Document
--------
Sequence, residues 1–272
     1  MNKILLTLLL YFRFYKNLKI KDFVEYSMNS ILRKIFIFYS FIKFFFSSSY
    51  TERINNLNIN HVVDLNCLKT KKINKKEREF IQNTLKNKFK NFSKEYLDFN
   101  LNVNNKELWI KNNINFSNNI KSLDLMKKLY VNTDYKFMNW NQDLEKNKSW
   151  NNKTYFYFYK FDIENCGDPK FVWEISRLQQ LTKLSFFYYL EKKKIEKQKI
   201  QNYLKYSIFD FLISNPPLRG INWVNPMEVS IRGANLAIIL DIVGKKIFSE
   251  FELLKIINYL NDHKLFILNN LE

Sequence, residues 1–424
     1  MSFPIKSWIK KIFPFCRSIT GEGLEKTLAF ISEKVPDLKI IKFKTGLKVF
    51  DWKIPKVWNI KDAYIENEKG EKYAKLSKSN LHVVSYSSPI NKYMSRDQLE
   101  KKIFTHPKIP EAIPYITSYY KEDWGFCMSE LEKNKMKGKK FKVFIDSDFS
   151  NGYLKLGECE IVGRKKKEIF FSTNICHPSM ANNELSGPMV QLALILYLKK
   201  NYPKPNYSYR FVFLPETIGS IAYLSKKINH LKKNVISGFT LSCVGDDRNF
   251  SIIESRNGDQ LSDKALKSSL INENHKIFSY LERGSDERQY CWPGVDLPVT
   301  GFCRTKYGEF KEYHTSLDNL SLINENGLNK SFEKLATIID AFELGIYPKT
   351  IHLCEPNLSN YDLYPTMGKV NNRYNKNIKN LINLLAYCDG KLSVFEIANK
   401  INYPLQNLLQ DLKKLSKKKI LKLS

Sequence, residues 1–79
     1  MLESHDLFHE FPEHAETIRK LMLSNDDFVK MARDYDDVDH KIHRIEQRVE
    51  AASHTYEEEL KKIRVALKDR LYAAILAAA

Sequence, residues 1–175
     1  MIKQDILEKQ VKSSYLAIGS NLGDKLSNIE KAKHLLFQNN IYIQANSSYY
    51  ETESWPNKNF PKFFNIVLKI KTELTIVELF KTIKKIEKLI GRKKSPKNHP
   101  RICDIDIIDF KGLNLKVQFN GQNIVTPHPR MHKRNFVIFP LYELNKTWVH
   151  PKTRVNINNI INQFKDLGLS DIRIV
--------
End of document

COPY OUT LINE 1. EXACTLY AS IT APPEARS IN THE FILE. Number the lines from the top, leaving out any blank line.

Sequence, residues 1–272